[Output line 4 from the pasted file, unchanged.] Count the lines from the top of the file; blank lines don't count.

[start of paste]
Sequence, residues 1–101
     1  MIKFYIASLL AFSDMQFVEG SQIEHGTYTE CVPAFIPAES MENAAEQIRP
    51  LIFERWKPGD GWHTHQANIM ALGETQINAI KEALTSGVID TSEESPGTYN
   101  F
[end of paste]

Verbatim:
   101  F